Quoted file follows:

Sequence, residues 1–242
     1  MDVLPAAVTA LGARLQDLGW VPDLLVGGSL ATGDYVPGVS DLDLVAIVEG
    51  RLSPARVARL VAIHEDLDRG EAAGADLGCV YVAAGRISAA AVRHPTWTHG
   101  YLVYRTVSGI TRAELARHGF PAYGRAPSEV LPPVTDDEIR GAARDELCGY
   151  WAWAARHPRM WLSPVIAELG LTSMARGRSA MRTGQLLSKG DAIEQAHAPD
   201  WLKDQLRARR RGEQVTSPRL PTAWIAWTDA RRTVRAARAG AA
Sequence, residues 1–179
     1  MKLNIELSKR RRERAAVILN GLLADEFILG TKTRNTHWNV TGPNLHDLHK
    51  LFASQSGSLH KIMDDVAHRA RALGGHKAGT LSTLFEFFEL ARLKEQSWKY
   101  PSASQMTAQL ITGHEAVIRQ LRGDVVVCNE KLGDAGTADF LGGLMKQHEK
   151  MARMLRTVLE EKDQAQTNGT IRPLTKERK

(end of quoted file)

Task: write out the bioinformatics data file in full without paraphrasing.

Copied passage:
Sequence, residues 1–242
     1  MDVLPAAVTA LGARLQDLGW VPDLLVGGSL ATGDYVPGVS DLDLVAIVEG
    51  RLSPARVARL VAIHEDLDRG EAAGADLGCV YVAAGRISAA AVRHPTWTHG
   101  YLVYRTVSGI TRAELARHGF PAYGRAPSEV LPPVTDDEIR GAARDELCGY
   151  WAWAARHPRM WLSPVIAELG LTSMARGRSA MRTGQLLSKG DAIEQAHAPD
   201  WLKDQLRARR RGEQVTSPRL PTAWIAWTDA RRTVRAARAG AA
Sequence, residues 1–179
     1  MKLNIELSKR RRERAAVILN GLLADEFILG TKTRNTHWNV TGPNLHDLHK
    51  LFASQSGSLH KIMDDVAHRA RALGGHKAGT LSTLFEFFEL ARLKEQSWKY
   101  PSASQMTAQL ITGHEAVIRQ LRGDVVVCNE KLGDAGTADF LGGLMKQHEK
   151  MARMLRTVLE EKDQAQTNGT IRPLTKERK